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Ian Ward

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CKAN contributor/tech lead
Urwid author
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Contributing to Open Source
IASA E-Summit, 2014-05-16
Urwid Applications
2012-11-14
Urwid Intro
2012-01-22
Unfortunate Python
2011-12-19
Django 1.1
2009-05-16

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Moving to Python 3
2011-02-17
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Recording Both Sides of a Call

Posted on 2011-06-23.

I set up a VM to present software to a client remotely, but I needed a way to record both the audio in and out so that I could capture both my presentation and the client's questions. In the past I've used some ALSA configuration magic for audio things advanced enough that they don't have a friendly GUI, but since Pulse Audio is the shiny new thing I decided to go that route.

It turns out to be fairly simple. I create a new null sink (think: fake sound card for output) and attach a loopback from the audio out monitor of the "real" sound card and another from the the audio in of the "real" sound card:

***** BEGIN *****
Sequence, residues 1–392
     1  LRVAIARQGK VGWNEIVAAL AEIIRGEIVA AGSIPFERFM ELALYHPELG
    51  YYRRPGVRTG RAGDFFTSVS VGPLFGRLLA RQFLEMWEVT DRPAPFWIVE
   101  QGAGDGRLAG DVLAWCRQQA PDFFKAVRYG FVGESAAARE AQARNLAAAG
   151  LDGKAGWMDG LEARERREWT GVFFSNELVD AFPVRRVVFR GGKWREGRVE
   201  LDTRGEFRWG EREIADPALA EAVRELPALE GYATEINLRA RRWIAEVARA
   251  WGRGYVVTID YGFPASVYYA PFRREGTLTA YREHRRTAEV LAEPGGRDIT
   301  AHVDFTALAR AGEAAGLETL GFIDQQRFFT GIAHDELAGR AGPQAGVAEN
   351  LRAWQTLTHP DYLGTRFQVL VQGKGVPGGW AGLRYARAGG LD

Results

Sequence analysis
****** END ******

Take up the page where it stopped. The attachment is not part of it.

pactl load-module module-null-sink sink_name=bothsides
pactl load-module module-loopback latency_msec=5 sink=bothsides \
      source=alsa_output.pci-0000_00_04.0.analog-stereo.monitor
pactl load-module module-loopback latency_msec=5 sink=bothsides

The alsa_output... source comes from running pactl list and copying the device name. The second loopback automatically uses the only alsa_input... source device. Then I can record from the monitor of this null sink with a command like:

pacat --record -d 2 | sox -t raw -r 44100 -s -L -b 16 -c2 - "recording.wav"

The -d 2 option selects the new null sink monitor device I created (the index may be different in your case). Last, you may want to use the pavucontrol program to adjust the levels for the input and output so you don't end up with one sounding much louder than the other in the combined recording.

Tags: Software Linux